The Gaming Iconoclast: A side of PlanetSide

"Come on, you apes! Do you want to live forever?"
- Unknown WWI platoon Sergeant, as quoted in the epigraph of Starship Troopers, Robert Heinlein

This sort of chaos, of being flung into the maw of an overwhelming and relentless foe, very succinctly sums up the jovial insanity of Massively's foray into PlanetSide's world-event realm as so-called Black Ops. Replete with frenetic action, us-versus-the-world attitude, and the ever-so-helpful seismic and meteoric stylings of a GM eavesdropping on our Skype chat, TGI hopes that our incursion into PlanetSide's universe provided an entertaining distraction to the folks for whom it's been a long-time daily driver.

Our efforts could politely have been called "lambs to the slaughter." They could less-politely be visualized as a well-worn combat boot meeting a sensitive part of TGI's anatomy, perhaps the one he sits upon, repeatedly and with great vigor.

It was glorious.

TGI has mused on previous occasions about stepping outside of one's comfort zone and engaging in mind-broadening play sessions. This was an opportunity to do so, in spades. Having not strapped into a first-person shooter outside of a few minutes' worth of BioShock other than Halo since the hoary old days of Quake ]|[ and Unreal Tournament, there was a not insubstantial amount of rust to be shaken off. Said rust was, shall we say, neither shaken nor stirred.

TGI's personal incompetence aside, the game itself rekindled a dormant passion for simply and straightforwardly doing unto others before they do unto you, with no further ornamentation. This was the first time a true MMO has embraced this notion so wholeheartedly in TGI's experience. There are no NPCs. No formal quests. It is merely "kill or be killed" on a planetary scale. Conceptually, it resonates with what TGI believes proper worldwide PvP ought to be. But, having now run about PlanetSide as both a regular foot-soldier and as one of Team Massively's agents (if we'd had a de facto team logo, imagine a "KICK ME!" sign with a large, friendly bulls-eye beneath it), TGI is left with nothing more than a keen desire to see a sequel, though perhaps not for the reasons most folks might expect.

After about two hours, it was very clearly time to call it a day. Even the most frustrating, we're-banging-our-heads-against-a-wall-here encounter in PvE content may require a few minutes away to regroup while the baddies go back to their pinochle game. However, as Hemlock pointed out, the concerted camping efforts of the other players were not going to cease as long as we were ripe for the picking. The self-same world persistence that makes it an attractive environment to drop into and start kicking enemy butt also leaves the door open for such actions. In the absence of a heavy hand from the GMs, there's not much that can or should be done here. It certainly fosters a lot of teamwork when you need to root out an entrenched pile of hostiles who've taken up residence.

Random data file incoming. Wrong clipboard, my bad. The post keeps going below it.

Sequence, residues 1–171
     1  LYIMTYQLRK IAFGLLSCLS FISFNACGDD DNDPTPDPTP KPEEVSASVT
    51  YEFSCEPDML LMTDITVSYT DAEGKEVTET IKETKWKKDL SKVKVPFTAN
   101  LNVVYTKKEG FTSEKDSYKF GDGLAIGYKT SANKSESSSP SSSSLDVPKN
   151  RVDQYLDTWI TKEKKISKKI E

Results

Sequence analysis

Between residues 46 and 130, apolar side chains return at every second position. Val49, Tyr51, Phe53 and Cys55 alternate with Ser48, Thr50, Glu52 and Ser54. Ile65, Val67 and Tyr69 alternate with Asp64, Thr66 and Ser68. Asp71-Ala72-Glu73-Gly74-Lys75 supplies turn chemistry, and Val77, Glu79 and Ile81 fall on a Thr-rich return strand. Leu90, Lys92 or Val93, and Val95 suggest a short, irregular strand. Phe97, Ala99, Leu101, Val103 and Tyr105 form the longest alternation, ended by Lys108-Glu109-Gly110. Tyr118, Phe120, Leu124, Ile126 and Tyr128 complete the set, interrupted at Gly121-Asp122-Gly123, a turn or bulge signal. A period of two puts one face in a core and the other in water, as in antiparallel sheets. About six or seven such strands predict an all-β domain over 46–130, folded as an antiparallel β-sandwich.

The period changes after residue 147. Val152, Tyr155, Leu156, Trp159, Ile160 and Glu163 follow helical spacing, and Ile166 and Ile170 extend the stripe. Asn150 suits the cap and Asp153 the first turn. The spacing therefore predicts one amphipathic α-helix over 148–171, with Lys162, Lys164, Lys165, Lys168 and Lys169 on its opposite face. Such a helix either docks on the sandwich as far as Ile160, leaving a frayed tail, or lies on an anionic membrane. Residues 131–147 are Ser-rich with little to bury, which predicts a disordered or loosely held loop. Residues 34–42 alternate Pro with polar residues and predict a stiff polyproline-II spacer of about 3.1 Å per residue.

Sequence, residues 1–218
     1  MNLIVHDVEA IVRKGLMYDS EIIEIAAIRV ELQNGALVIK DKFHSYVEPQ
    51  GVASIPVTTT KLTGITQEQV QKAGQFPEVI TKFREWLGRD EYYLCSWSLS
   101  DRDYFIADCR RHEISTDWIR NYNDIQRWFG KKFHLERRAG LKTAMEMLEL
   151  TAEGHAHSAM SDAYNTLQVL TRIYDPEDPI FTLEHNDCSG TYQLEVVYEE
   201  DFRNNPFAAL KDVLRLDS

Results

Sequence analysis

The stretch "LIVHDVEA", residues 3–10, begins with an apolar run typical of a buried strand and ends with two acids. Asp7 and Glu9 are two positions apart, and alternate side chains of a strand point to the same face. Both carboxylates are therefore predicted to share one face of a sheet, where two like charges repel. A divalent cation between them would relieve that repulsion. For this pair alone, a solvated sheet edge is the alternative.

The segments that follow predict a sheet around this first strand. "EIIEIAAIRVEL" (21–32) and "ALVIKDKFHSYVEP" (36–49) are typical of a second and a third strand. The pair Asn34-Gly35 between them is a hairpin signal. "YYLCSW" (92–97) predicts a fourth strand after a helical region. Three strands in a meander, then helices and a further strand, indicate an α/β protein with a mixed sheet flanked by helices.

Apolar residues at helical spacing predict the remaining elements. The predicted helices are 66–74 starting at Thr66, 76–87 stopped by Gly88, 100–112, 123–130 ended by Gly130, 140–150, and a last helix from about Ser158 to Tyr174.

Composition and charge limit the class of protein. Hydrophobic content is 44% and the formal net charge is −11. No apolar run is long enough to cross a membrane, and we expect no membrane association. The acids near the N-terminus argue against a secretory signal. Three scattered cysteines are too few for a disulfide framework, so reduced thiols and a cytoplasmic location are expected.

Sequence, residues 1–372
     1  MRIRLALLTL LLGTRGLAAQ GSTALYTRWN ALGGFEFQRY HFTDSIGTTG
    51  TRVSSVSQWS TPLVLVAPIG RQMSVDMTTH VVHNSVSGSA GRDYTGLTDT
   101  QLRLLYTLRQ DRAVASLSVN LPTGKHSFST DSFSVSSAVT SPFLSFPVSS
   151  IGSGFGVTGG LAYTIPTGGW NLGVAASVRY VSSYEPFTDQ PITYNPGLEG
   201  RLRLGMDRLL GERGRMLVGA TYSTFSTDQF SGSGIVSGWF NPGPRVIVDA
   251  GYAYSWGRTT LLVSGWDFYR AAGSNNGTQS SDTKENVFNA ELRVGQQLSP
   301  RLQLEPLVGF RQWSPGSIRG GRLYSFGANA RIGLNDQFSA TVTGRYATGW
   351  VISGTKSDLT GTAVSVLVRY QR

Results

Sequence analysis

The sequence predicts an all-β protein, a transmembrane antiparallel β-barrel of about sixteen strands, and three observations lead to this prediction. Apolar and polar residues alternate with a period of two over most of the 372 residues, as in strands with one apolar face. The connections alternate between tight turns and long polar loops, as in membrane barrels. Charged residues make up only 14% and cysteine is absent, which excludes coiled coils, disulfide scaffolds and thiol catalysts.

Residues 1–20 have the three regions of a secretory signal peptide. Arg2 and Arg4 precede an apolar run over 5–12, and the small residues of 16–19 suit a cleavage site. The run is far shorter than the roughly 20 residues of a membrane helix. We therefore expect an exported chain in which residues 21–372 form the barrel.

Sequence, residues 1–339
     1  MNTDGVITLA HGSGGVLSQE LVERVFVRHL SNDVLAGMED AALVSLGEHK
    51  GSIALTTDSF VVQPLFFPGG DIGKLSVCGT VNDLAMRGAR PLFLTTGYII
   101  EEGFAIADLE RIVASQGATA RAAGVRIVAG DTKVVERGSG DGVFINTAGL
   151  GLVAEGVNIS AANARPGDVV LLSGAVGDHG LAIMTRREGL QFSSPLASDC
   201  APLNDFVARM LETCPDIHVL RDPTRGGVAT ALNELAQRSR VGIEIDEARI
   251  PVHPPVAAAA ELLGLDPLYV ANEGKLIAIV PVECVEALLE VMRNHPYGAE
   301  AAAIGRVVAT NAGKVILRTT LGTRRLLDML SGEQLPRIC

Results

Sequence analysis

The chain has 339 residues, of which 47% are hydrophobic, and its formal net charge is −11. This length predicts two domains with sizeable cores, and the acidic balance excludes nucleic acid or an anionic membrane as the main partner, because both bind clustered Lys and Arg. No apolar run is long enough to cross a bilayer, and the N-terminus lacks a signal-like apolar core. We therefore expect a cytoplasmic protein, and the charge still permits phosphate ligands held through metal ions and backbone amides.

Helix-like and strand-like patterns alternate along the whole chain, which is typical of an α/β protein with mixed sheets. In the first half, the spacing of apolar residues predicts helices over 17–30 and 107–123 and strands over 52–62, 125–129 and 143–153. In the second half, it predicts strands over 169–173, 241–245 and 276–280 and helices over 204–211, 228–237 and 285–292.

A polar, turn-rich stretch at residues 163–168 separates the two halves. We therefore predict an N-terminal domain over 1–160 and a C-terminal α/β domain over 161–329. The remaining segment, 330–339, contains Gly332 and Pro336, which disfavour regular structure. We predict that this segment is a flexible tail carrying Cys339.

A mixture of this pure PvP with occasional world events that require cooperation among nominal enemies, or simply provide a distraction from the workaday slaughter would be more meaningful. War doesn't take place in a vacuum, with static factions at all times. There's a fairly robust amount of organic flexibility in the current model, but injecting a greater frequency and/or amplitude of external factors would prevent a pattern of give-and-take that could become tedious.

On the subject of world events, and player participants as the objets d' morte of them, so to speak, a question was put to TGI by the Substantially Better Half. Not being terribly well-versed in the Black Ops mechanic, but sharing an avid World of Warcraft habit, it was initially challenging to draw parallels. We certainly weren't the equivalent of outdoor raid bosses (but, oh, doesn't that sound fun); perhaps more akin to the rarely-spawned silver dragon creatures that intermittently blunder into the path of oh-so-grateful adventurers, ready to be shaken down like so many affluent but naiive tourists. Or, perhaps, inept beekeepers, sticking our hands into an angry hive and meeting with a swift and coordinated counterattack. Of course, having Benedict Arnold over here, broadcasting our every move -- hey, how about you type less and shoot more! -- might have had something to do with that, too.

It was also the first chance for several of us here at Massively to interact with one another in something more exciting than a chat room, which was a nice consolation prize. It's pleasant having some company in the afterlife. After all, who wants to live forever?

No, that is not his hair. Rafe Brox spends an inordinate amount of time annoying people who think they know more than he does. When not causing friends and enemies alike to /facepalm electronically, he can be found extolling the virtues of the weird peripherals in his life, from kettlebells to the Trackman Marble. If you, too, would like to tell Rafe exactly how wrong he is doing it, the target coordinates are rafe.brox AT weblogsinc DOT com.

This article was originally published on Massively.